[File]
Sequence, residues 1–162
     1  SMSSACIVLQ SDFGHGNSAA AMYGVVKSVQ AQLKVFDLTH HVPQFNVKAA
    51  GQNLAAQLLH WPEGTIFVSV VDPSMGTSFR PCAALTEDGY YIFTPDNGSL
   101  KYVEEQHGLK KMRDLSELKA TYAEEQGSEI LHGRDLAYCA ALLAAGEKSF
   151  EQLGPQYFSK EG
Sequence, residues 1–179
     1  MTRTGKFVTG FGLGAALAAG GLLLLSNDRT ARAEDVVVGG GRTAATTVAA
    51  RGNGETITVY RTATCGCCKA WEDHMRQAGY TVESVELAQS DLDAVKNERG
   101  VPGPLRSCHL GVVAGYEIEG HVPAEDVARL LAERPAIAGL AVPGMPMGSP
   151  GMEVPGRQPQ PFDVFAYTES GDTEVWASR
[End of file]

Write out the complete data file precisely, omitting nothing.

Sequence, residues 1–162
     1  SMSSACIVLQ SDFGHGNSAA AMYGVVKSVQ AQLKVFDLTH HVPQFNVKAA
    51  GQNLAAQLLH WPEGTIFVSV VDPSMGTSFR PCAALTEDGY YIFTPDNGSL
   101  KYVEEQHGLK KMRDLSELKA TYAEEQGSEI LHGRDLAYCA ALLAAGEKSF
   151  EQLGPQYFSK EG
Sequence, residues 1–179
     1  MTRTGKFVTG FGLGAALAAG GLLLLSNDRT ARAEDVVVGG GRTAATTVAA
    51  RGNGETITVY RTATCGCCKA WEDHMRQAGY TVESVELAQS DLDAVKNERG
   101  VPGPLRSCHL GVVAGYEIEG HVPAEDVARL LAERPAIAGL AVPGMPMGSP
   151  GMEVPGRQPQ PFDVFAYTES GDTEVWASR